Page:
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W7NGA

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Methinks if residual FM, phase noise, modulation index, and ultimate dynamic range is your main concern and focus in Ham Radio .. then sorry, you've missed the salient point (in my opinion) of being an amateur radio operator. Just to be clear .. I've seen more heart and soul in the guy with a DX60 and Hallicrafters SX101 .. trying to talk to his brother in Namiba on CW, than any of these soulless discussions of Sherwood rankings and the thrill of working Africa whilst sitting on the deck sipping a cool one with a Maestro in their lap, remote. Reality check ... just what do you want from amateur radio? At the end of the day .. what do you come away with that has enhanced your life experience in some positive way and afforded you a glimpse into the life of someone around the world? That's ham radio (for me) .. this thread, just noise. Sorry to be blunt. But I feel my 50 year obsession with this hobby slowly slipping away into the noise per discussions like this one  .. insipid, vacuous, sometimes inane.

I spent my weekend listening with my 6500, trying to find these stations in dire need of uber-clarity, 16-bit dynamic range, on the bleeding razors edge of competition and remote performance demands vis-a-vis Maestro and the ultimate Bluetooth connection .. and all I heard was San Diego, California, 599, TU. Next? That's ham radio? I did hear a SSB station on 17-meters from his hot tub ... with Maestro and a Martini in tow. S9+, California, QRZ? Geez ... 

W7NGA  dan
San Juan Island, Wa.
(Edited)
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k3Tim

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Was it the Martini that threw you off? 
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W7NGA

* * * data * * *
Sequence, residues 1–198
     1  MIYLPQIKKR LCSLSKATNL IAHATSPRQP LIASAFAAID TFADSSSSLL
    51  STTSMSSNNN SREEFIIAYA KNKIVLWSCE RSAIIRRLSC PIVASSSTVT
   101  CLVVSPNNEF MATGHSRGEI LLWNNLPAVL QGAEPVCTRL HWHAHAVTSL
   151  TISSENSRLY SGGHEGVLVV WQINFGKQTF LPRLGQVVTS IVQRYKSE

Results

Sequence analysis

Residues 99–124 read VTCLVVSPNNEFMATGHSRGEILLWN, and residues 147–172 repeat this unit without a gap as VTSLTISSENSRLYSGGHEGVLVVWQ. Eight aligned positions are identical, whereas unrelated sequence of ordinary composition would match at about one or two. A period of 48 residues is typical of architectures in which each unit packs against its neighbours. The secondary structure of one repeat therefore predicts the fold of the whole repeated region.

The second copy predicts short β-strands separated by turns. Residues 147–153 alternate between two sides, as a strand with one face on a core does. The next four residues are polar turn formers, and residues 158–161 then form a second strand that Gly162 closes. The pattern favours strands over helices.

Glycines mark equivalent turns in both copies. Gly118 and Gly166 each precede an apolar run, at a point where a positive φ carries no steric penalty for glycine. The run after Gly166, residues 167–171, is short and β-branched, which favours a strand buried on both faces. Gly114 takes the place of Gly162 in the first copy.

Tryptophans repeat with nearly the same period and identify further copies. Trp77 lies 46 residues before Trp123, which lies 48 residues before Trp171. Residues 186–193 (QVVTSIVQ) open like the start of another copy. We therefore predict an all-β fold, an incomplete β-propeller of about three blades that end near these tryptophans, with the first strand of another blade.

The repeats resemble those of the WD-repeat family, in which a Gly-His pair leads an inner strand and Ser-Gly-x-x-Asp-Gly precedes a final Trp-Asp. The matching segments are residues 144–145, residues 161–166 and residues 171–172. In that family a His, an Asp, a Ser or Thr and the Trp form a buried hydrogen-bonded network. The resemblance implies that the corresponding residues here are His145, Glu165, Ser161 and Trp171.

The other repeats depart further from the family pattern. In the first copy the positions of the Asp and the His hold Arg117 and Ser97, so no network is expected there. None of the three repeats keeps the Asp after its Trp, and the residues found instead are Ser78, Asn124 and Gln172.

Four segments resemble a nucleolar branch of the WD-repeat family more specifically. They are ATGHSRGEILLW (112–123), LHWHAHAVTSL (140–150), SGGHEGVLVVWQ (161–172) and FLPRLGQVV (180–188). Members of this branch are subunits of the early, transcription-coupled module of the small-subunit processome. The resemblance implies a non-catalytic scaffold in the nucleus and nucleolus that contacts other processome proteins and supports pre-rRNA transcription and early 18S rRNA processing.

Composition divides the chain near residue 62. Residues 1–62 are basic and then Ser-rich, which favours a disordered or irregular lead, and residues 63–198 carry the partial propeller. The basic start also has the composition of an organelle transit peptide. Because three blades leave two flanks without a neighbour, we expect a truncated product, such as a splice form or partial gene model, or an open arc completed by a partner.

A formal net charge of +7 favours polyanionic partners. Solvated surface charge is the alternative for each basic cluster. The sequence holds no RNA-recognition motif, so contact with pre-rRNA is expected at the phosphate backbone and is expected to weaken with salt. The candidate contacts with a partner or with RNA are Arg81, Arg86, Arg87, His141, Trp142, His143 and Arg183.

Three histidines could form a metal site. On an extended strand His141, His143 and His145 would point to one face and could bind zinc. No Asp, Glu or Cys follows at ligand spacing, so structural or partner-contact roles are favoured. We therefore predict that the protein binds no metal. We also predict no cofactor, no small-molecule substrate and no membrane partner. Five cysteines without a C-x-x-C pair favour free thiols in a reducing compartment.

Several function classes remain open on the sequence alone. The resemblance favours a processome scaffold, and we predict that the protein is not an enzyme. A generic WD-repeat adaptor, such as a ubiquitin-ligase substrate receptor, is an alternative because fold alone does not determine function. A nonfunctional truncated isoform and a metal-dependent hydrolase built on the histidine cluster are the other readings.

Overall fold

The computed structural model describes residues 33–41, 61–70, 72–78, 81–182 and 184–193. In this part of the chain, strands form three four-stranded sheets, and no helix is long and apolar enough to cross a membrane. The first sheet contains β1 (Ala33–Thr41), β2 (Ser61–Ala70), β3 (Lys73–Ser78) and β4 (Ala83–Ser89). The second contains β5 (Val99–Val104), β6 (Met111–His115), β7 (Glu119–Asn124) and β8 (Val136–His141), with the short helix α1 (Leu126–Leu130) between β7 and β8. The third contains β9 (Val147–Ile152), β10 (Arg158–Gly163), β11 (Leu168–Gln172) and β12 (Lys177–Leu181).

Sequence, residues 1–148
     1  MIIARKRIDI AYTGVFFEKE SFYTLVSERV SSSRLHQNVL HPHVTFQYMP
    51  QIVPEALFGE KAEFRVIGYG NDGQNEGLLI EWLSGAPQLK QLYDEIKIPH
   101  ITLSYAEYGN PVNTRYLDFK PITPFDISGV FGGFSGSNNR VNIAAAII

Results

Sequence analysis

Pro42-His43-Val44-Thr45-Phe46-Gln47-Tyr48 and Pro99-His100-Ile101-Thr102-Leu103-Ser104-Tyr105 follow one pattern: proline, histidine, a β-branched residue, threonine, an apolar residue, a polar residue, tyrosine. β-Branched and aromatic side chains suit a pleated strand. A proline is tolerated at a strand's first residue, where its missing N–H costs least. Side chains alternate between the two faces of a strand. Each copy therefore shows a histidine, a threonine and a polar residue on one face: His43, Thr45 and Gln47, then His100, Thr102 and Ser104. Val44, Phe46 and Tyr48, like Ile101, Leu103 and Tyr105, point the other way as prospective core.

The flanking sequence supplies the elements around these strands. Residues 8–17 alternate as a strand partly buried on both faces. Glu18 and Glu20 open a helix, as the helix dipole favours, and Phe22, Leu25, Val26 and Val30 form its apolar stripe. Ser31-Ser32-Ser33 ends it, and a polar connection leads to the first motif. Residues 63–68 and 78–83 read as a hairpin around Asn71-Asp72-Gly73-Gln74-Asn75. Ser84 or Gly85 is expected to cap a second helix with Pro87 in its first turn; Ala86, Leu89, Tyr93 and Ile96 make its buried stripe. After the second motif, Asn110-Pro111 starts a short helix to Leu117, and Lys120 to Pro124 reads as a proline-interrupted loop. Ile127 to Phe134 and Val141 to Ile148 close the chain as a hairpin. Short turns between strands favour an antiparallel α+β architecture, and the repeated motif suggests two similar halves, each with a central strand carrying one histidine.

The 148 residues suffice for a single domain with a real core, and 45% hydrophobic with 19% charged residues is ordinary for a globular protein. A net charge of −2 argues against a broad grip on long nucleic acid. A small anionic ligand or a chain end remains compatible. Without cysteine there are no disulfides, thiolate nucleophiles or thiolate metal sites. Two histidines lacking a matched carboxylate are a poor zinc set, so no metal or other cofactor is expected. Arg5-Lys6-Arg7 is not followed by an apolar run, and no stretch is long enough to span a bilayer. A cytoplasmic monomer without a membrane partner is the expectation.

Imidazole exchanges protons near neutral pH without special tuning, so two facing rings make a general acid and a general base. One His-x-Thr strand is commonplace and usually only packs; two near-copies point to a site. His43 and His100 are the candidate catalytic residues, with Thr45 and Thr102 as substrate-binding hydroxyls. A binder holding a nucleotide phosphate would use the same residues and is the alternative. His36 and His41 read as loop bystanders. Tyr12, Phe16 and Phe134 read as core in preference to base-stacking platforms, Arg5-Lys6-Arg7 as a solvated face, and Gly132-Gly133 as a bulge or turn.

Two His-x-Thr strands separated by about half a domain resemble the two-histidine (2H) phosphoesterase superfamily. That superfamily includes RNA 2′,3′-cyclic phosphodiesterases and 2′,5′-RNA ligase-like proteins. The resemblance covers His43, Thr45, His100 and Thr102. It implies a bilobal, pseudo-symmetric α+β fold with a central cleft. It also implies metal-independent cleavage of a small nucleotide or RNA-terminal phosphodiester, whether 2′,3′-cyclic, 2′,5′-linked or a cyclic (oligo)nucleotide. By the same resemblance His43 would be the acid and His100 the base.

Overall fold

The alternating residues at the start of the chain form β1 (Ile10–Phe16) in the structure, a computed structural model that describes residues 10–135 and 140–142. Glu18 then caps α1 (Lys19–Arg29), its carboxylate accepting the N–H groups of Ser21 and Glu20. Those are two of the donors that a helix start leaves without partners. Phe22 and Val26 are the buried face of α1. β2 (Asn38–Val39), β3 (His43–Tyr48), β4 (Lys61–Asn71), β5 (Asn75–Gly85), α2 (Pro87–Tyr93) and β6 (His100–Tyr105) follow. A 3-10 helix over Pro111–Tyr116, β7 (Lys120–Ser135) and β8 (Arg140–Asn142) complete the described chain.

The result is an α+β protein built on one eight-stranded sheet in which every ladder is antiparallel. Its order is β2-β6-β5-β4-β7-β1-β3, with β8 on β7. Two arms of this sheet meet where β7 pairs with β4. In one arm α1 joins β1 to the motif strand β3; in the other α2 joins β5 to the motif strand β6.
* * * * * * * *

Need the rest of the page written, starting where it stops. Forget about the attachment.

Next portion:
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Absolutely .. 17-meters deserves a fine French Bordeaux.  
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Ken - NM9P

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Dan. Who said that just because this is the current topic of discussion in THIS thread that it is anyone's main concern or focus in the hobby?

I am currently engaged in several concurrent conversations in this and other forums, some public, others private. None of them represent anything lose to an "ultimate concern" in my life. But they are, at least, temporarily interesting. Many of them are done while multitasking in my office or at home in my easy chair while watching tv or waiting for dinner. A few of them I only post to when I am in the "reading room" because it gives me something to do....

Sometimes sports car enthusiasts want to talk about cubic inch displacement, compression ratios, fuel mixtures, horsepower and transmission efficiency..... Sometimes they just want to drive their cars!

The same goes for amateur radio nuts. The fact that we sometimes spend time doing one thing doesn't mean we do not like to, or are incapable of doing the other.

Cheers!

Ken - NM9P
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Ken

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Dan,

I think there are more out here that think exactly like you do, but don't bother to say anything. I think it's called the "silent majority"...

Ken - W3KWL

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km9r.mike

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@ Dan

I hear your passion but one's passion does not make another's invalid, insipid, vacuous nor inane. What's next ? Are you gonna call others nerds ?

It is a big hobby with lots of room for lots of passions. I could easily take a swipe at your passions but it would not make me a better man.
(Edited)
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Lewis Cheek

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Dan, ur 599 plus about 40 on my xyz, antenna is  7 phased 5 elem 20 meter beams, on one of my 12, 350 ft towers. By the way, I'm on my 500 foot daysailer over in the Mediterranean Sea running remote via a Maestro. Wait a minute please I need to ask our house setter to drive over to my remote ham shack and fire up the other 10 kw amp, and parallel it with one I'm running now. Waiter when will the $5000 bottle of wine arrive?

Seems I read a lot of that kind of stuff on a few reflectors. :)

Lew - N4CO